While I appreciated the favorable attention, I was mildly bemused by that opening. And exactly why _isn't_ it either Art or Literature? I wondered. The reviewer didn't trouble explaining, evidently feeling that her apparent enjoyment of the book made that plain (everyone knows you _appreciate_ Art, you don't _enjoy_ it, for gosh-sakes! I mentioned this particular review to someone at my publishing house--whose pragmatic response was, "Thank God they didn't call it Art or Literature; we'd have been lucky to sell 5,000.").
Now and again, I get further reviews that make it clear that what I'm writing can't possibly be either Art or Literature, because it is "genre fiction,"--this, contrasted with the occasional oddball critic who insists that the books _are_ Literature (nobody seems willing to go out on a limb and call them Art yet; just as well; I have kids to put through college), because I have managed to squeeze every possible known genre (except Westerns (give me time)) into one book--therefore it can't be genre fiction anymore. (Well, critics have to make a living too.)
Interestingly enough, most of the reviews and public comments that make an issue of whether these books (or any others) are Literature or Genre Fiction (an artificial distinction, if I ever heard one) base the distinction largely on grounds of sex.
If I read my NYT Review of Books aright, you cannot have sex in Literature unless it's violent, abusive, obsessive or warped (if such a word is possible in conjunction with such a…er...'plastic' activity). If you have anything approaching a depiction of pleasurable or entertaining sex, or a relationship in which the characters appear to be having a good time or otherwise benfiting themselves, then obviously you have descended to "genre fiction." (Actually "genre fiction" essentially just means you have a recognizable plot, coupled with a theme of universal appeal. Sex, of course, is pretty universally appealing.).
Now, I get mail. I get _lots_ of mail (and not infrequently, I think I should have had my head examined before I put my email address in my latest book).
Not a few of the letters and messages I get deal with the sexual relationships described in my books. A few correspondents (four, by the latest count) feel that I should not depict the details of sexual encounter, because (and I quote) "Great works of Literature don't have graphic sex." Their (otherwise quite gratifying opinion) is that my books otherwise have merits which would qualify them as Great Literature, were it not that I had lowered the tone of the proceedings by observing that people have genitalia (in vain do I protest that it's difficult to get a Ph.D. in biology without noticing this. They think I should in all decency have kept it to myself).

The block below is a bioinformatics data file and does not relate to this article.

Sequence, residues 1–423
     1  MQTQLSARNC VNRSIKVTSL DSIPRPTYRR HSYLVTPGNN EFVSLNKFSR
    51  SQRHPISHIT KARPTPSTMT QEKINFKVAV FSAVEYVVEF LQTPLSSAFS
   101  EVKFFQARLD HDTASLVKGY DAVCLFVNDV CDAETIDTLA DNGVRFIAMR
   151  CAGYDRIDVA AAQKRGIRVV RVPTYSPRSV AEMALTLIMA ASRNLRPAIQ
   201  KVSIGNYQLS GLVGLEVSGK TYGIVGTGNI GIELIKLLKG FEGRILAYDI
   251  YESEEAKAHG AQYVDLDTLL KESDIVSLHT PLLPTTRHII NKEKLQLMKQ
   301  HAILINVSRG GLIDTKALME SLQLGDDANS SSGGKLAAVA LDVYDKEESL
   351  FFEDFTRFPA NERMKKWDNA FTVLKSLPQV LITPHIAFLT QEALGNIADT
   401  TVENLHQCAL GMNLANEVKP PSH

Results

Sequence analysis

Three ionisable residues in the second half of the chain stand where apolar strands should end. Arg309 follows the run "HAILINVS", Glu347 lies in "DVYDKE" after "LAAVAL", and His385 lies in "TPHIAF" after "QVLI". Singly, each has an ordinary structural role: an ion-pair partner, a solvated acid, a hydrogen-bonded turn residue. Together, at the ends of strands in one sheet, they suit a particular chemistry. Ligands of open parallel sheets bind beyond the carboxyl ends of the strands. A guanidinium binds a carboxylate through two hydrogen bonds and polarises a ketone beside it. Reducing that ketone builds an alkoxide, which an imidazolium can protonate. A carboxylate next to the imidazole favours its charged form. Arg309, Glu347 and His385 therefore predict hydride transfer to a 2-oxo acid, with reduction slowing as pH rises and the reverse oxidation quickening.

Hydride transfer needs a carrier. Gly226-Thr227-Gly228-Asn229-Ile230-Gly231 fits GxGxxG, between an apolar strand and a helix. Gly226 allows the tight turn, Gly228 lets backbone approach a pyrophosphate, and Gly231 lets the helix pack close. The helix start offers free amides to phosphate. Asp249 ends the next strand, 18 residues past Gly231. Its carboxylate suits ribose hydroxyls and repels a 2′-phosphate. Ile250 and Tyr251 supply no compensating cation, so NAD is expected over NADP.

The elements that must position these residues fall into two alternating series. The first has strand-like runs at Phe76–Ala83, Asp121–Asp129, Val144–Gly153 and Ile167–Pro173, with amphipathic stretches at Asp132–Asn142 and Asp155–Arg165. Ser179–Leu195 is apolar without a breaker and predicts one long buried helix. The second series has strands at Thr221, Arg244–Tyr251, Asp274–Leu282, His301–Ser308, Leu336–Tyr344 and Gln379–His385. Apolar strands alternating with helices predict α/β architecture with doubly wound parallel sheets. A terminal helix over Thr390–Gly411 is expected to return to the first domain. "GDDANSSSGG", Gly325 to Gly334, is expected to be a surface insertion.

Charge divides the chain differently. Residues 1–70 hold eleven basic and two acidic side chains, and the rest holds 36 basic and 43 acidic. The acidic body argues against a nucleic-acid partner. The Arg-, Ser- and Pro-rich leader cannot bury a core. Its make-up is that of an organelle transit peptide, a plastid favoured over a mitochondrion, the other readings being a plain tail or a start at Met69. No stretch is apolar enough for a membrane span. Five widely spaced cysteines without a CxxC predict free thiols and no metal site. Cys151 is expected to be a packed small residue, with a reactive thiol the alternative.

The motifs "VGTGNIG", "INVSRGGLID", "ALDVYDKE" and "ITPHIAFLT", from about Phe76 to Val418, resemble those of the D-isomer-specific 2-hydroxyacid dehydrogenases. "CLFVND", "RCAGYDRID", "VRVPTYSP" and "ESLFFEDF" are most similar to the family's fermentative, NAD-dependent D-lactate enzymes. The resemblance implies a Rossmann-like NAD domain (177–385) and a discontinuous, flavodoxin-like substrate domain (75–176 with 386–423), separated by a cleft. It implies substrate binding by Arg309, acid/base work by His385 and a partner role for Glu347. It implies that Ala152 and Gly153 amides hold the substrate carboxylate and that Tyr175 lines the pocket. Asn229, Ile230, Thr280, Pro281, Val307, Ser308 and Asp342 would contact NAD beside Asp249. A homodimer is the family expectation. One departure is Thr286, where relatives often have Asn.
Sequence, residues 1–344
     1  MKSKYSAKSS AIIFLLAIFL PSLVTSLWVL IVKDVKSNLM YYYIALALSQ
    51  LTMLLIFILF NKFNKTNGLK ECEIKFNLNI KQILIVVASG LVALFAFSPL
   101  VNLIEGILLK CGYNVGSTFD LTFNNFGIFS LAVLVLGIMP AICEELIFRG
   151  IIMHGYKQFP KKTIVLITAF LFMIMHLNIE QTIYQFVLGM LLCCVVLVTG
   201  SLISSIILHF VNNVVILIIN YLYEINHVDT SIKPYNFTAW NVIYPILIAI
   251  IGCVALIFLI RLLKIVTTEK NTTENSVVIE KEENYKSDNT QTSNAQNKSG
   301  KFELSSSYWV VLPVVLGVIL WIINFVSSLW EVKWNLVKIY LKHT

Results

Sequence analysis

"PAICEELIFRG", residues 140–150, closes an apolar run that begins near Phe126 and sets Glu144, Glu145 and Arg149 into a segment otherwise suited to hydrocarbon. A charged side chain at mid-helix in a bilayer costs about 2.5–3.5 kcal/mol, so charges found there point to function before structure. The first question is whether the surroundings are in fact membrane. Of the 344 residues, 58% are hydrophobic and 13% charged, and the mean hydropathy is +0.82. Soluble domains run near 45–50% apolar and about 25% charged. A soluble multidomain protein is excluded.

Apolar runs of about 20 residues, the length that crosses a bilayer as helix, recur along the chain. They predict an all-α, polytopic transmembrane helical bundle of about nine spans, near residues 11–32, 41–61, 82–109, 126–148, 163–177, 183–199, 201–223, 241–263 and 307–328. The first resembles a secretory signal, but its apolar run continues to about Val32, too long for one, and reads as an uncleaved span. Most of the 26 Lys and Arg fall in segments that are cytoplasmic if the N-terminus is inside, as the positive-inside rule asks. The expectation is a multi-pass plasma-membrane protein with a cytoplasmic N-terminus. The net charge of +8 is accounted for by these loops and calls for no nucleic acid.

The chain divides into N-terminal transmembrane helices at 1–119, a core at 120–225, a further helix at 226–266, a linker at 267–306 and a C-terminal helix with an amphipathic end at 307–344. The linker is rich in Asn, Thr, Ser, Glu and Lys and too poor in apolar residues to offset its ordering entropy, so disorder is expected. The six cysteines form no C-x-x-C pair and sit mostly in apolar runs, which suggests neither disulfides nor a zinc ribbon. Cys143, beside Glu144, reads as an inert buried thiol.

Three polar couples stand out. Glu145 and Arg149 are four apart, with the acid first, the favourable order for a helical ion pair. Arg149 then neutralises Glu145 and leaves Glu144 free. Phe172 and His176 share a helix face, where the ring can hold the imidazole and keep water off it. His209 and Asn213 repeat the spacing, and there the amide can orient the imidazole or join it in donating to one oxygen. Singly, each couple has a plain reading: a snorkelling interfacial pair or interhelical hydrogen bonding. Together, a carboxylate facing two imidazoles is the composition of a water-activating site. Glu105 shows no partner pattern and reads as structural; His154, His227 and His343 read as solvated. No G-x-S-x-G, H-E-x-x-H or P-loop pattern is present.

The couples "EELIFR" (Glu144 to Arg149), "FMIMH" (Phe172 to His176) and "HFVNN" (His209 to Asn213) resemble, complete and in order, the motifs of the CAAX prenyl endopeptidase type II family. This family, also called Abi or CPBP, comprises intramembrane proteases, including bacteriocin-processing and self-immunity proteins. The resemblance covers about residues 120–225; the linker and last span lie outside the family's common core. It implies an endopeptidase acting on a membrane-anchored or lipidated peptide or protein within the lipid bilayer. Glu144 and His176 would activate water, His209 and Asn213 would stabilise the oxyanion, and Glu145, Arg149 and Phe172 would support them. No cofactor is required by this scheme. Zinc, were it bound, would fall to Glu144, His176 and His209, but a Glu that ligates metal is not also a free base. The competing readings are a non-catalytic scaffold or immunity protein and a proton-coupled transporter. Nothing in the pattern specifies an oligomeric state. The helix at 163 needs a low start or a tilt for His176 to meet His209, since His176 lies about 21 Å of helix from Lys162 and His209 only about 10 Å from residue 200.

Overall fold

Of course, we must balance this with the (roughly) 3,000 correspondents who wrote to request _more_ sex in subsequent books, but most of them weren't concerned with my literary reputation.
Frankly, neither am I. We'll just wait a hundred years and _see_ if it's Literature, won't we?
Still, whether you want to put this "Real Lit does not have Real Sex" notion down to lingering puritanism, high-school brainwashing (MOBY DICK does not have explicit sex; ergo Real Literature does not include prurient passages. Obviously, these people were not paying attention when Melville explained why sperm whales are called that), or the ignorant conviction (born of inexperience) that all printed depictions of sexuality must be pornography, the notion does exist.
You know FANNY HILL, I expect? Subtitled "Memoirs of a Woman of Pleasure," it's one of the most enduring bits of Western European "literary" pornography, having been published in 1747. What's literary pornography? Well, interestingly enough, while the difference between most present-day "Literature" and the less-esteemed "genre fiction" is that the latter has a recognizable plot and universal themes, the difference between literary pornography and its less-esteemed relation, "porn," is that the _former_ has a decent plot and universal themes.
FANNY HILL caused a certain amount of comment following its publication--evidently times change, but literary critics don't. Among these, however, was a mention in a
"Yet it does not appear to us that this book has anything in it more offensive to decency or delicacy of sentiment and expression, than our novels and books of entertainment in general have. For in truth they are most of them (especially our comedies, and not a few of our tragedies) but too faulty in this respect."
These remarks were published in 1750. FANNY HILL is still in print, having survived the entire Victorian Age and the neo-puritanism of the mid-20th century, as well. This doesn't suggest to me that the inclusion of sex _per se_ negatively affects either the enduring popularity or the literary quality of any book.
Next time...Why People Have Sex, and How to Make That Clear when you Write about It.